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Women Who Aren’t Leaders Still Have Power

March 24, 2021

It’s a common observation that the real estate profession is made up of 60% women, yet they don’t hold nearly that level of representation in industry leadership positions. There’s still an urgent need to further diversify the power structure in brokerages and beyond. But female real estate pros who aren’t interested in pursuing higher industry roles shouldn’t be made to feel less important or influential, women broker-owners said Tuesday during the fourth installment of the Chicago Association of REALTORS®’ Women’s History Month webinar series.

“Many women have chosen not to go the corporate route because their passion is in the field, in sales,” Susan Yannaccone, president and CEO of Realogy Franchise Group, said during the webinar “Titans of Industry: A Fireside Chat with Leading Female Executives.” “Women who don’t sit in positions of power still have power,” she said. “They can be the diverse voice in the room, which has historically been lacking.”

From a young age, women aren’t exposed to potential professional opportunities as often as men, which contributes to discrepancies in workplace representation, said Tami Bonnell, CEO of EXIT Realty Corp. International. “People become what we tell them they can be,” Bonnell said.

Still, for many women, their passion is working one-on-one with clients, educating and guiding them through a complex transaction. Those women should know that they don’t need to give up working in the field for a corporate gig in order to make an impact on the industry, Yannaccone added. But women who aspire to something more—whether it be growing their business or their influence in the industry—should give themselves grace through the growing pains, she said.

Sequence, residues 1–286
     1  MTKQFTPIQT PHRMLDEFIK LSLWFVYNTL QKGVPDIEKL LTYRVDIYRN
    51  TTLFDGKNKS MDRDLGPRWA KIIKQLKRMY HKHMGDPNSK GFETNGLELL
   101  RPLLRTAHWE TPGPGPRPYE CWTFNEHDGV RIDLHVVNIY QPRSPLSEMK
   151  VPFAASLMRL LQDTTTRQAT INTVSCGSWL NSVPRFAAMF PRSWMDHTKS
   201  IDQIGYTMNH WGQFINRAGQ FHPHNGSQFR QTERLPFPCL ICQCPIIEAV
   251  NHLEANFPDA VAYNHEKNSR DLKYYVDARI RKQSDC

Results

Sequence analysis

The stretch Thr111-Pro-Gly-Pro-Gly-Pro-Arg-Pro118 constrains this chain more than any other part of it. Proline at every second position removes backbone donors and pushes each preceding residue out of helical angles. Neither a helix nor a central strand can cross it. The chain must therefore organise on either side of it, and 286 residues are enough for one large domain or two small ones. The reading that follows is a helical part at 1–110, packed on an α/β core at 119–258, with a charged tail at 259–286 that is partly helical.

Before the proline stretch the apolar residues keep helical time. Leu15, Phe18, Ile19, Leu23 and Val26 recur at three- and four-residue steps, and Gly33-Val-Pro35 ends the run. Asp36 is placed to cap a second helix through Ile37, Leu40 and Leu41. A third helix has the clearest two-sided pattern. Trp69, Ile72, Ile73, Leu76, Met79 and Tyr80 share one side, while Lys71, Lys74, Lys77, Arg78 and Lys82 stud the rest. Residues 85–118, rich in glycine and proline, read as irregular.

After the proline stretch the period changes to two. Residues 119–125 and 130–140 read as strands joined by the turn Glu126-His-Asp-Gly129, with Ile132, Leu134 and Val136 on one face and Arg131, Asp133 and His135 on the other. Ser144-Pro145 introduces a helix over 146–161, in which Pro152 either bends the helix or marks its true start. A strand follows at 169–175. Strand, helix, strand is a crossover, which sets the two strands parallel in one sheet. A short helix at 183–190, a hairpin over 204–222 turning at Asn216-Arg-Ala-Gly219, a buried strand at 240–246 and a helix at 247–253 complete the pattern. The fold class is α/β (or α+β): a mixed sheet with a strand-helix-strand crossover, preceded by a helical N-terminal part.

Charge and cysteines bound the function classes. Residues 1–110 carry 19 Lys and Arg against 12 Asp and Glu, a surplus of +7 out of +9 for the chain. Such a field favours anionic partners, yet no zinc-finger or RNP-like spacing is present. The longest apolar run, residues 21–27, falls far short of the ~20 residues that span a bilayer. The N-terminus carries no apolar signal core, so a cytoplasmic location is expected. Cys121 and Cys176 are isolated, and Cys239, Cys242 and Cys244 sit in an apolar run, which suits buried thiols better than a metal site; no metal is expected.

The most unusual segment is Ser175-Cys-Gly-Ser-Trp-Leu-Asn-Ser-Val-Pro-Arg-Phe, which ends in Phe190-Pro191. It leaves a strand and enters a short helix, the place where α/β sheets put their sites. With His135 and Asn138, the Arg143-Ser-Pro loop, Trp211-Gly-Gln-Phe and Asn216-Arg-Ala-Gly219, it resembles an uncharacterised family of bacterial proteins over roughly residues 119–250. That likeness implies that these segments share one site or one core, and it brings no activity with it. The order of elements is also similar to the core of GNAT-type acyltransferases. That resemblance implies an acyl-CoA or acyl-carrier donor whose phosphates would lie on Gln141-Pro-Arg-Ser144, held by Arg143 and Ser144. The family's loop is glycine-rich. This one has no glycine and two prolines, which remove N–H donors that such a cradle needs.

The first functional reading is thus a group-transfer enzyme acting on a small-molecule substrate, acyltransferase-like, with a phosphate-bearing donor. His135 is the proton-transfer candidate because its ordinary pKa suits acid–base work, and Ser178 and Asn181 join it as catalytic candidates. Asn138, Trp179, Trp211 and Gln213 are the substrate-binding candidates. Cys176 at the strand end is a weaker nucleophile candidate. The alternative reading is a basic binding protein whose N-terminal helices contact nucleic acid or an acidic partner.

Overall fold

The idea of “having it all” is particularly seductive to women, who often push themselves beyond their reasonable limits to achieve a certain status or recognition, Yannaccone said. Women need to be extra careful about overextending themselves and should be more comfortable saying no, even to enjoy activities that may get in the way of work-life balance, Bonnell added.

“I was so over the top with trying to show everyone that I could ‘do it all’—I was commuting back and forth with a baby in my lap,” Yannaccone recalled. “I leaned in in a way that I hope nobody feels an obligation to do in order to continue on their path.”

Groups are emerging online that are “deliberately having the conversation with women that there are plenty of options in the workforce,” Bonnell said. She added that women can have the most control over their careers when they “stay in the present.”

“The more you stay in present tense, the more control you have over your day,” Bonnell said. “If you can start your day in a position of control and keep going back to the things that give you a sense of personal power, you can do anything.” Bonnell advises keeping close ties with people who encourage you but keep you grounded and realistic. “You want someone who tells you when you’re doing too much and need to delegate more,” she said.